Protesters gather in Porter Ranch to rally against SoCalGas’s settlement for 2015 Aliso Canyon gas leak

Protesters give comments to the media while holding a banner demanding Gov. Gavin Newsom to shut down the Aliso Canyon gas storage facility in Porter Ranch, Calif., on Tuesday, Sept. 28, 2021.

Chris Torres, Editor in Chief

About two dozen members of the nonprofit organization Save Porter Ranch gathered at the intersection of Tampa Avenue and Rinaldi Street in Porter Ranch Tuesday morning to call for Gov. Gavin Newsom to shut down the Aliso Canyon gas storage facility.

The call to action was sparked from the announcement that the Southern California Gas Company and its parent company, Sempra Energy, agreed to pay $1.8 billion to settle claims from more than 35,000 plaintiffs affected by the Aliso Canyon gas leak that occurred in October 2015.

Matt Pakucko, the president of the nonprofit organization Save Porter Ranch, speaks to the media regarding the $1.8 billion settlement between SoCalGas and the 35,000 victims affected by the Aliso Canyon gas leak in Oct. 2015. (Chris Torres)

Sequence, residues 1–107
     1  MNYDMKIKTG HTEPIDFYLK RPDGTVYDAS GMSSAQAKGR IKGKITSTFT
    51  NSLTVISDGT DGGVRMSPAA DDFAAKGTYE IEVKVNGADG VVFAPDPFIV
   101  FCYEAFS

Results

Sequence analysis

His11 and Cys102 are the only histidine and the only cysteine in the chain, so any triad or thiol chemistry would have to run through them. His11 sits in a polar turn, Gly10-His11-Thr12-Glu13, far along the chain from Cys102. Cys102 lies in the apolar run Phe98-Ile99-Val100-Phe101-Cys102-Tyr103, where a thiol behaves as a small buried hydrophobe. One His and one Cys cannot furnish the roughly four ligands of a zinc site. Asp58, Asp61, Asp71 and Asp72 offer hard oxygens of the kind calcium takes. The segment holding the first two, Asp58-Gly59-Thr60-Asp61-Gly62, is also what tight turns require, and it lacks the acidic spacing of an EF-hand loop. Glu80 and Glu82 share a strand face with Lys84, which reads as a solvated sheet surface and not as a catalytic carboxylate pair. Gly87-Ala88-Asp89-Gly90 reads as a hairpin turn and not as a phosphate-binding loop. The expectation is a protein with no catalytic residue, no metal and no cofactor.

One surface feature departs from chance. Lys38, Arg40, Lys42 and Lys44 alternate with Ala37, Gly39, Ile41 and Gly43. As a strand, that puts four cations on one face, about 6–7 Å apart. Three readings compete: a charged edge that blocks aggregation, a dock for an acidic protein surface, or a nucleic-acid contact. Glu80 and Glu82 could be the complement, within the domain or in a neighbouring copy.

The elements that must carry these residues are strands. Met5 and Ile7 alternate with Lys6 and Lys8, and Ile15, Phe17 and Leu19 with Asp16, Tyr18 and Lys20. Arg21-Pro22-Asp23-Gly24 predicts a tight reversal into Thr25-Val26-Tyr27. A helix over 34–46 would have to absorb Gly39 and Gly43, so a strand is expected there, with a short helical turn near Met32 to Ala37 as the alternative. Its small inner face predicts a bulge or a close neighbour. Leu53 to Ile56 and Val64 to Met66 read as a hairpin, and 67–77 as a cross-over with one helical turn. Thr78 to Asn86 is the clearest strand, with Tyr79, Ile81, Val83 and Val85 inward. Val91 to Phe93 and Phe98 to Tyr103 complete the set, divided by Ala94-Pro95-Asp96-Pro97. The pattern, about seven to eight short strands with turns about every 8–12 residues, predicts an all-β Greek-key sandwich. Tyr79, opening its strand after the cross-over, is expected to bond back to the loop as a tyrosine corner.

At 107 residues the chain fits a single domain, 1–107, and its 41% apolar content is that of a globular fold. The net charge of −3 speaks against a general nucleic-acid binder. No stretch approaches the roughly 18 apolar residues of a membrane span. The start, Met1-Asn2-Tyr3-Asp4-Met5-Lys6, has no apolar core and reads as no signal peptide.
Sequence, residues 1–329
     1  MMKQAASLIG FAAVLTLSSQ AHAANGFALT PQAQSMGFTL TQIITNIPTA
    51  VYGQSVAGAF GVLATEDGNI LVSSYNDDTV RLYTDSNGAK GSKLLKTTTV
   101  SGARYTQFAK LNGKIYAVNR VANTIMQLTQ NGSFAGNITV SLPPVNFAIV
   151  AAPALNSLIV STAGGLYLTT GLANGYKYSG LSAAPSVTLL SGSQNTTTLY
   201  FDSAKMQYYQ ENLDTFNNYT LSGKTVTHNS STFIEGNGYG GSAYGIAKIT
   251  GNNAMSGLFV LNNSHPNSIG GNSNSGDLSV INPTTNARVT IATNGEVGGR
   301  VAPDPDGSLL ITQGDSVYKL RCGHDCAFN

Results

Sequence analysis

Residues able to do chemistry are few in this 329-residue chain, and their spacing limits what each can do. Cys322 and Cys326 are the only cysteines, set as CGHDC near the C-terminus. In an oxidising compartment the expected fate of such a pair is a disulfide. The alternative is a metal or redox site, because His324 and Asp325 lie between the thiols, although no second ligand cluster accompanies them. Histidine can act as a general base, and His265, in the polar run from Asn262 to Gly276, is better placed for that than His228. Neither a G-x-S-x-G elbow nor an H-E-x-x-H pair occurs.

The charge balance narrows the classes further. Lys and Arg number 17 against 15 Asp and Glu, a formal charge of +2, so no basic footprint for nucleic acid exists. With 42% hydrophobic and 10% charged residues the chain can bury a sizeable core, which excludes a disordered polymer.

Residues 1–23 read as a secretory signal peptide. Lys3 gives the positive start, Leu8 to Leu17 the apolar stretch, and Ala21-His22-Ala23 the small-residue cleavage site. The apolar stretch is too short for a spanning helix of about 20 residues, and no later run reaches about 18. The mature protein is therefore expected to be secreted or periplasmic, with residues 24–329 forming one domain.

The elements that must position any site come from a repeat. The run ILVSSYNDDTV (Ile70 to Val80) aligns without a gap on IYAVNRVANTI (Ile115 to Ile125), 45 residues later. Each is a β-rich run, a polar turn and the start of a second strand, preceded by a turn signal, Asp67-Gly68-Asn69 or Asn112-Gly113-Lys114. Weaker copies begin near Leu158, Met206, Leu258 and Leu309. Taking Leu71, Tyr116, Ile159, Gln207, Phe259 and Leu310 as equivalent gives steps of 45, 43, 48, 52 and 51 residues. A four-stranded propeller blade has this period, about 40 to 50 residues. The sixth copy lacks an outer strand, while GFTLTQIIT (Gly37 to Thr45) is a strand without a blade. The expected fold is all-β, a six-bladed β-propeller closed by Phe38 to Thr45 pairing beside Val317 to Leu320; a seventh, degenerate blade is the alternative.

“Let’s do the simple math. $1.8 billion divided by 35,000 plaintiffs minus attorneys fees and expenses comes out to about $28,000 per person,” said Matt Pakucko, the president of Save Porter Ranch.

A settlement has not yet been reached because it requires 97% of the plaintiffs to accept it in order for it to be finalized. If an agreement cannot be finalized, the case will go to trial, according to attorney Brian Panish.

During the demonstration, the protesters broke out in chants repeating “go to trial” and “shut it down.”

Pakucko listed multiple health issues Porter Ranch residents are suffering from six years after the blowout, including reports of “ongoing heart issues” and residents “dying of cancer.” Multiple residents have also reported experiencing nosebleeds, headaches, nausea and brain fog.

“Does $28,000 cover [the medical expenses] for the rest of our lives being health monitored because of the ongoing issues?” asked Pakucko. “It doesn’t even come close.”

Both SoCalGas and Sempra have denied wrongdoing, according to the Los Angeles Daily News.

Alexandra Nagy, the California director of the grassroots organization Food & Water Watch, said although residents are concerned about not getting enough in reimbursements, they have not lost sight of the bigger goal in getting the Aliso Canyon gas facility shut down permanently.

“Gov. Newsom is the one with the power and responsibility to close Aliso Canyon down,” Nagy said. “We need your help to put pressure on him and hold him accountable to his promise.”